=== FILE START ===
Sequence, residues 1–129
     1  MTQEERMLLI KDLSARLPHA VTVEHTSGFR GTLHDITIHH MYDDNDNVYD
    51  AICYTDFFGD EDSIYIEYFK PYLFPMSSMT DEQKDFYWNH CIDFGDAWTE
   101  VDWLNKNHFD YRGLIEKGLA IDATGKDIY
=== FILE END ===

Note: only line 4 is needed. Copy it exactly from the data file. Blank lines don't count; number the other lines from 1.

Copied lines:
   101  VDWLNKNHFD YRGLIEKGLA IDATGKDIY